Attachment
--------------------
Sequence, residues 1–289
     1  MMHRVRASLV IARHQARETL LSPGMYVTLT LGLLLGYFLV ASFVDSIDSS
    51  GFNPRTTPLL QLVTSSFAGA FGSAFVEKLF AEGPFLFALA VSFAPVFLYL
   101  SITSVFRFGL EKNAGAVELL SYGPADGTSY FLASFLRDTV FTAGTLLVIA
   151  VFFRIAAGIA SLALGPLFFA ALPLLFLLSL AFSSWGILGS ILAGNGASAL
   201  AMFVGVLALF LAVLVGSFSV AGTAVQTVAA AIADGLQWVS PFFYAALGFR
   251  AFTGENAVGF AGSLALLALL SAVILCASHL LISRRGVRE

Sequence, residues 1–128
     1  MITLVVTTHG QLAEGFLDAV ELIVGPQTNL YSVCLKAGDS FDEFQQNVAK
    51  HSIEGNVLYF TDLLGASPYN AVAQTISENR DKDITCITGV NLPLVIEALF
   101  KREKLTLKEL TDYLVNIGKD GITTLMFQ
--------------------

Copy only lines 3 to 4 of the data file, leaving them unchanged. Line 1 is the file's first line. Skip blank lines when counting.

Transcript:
    51  GFNPRTTPLL QLVTSSFAGA FGSAFVEKLF AEGPFLFALA VSFAPVFLYL
   101  SITSVFRFGL EKNAGAVELL SYGPADGTSY FLASFLRDTV FTAGTLLVIA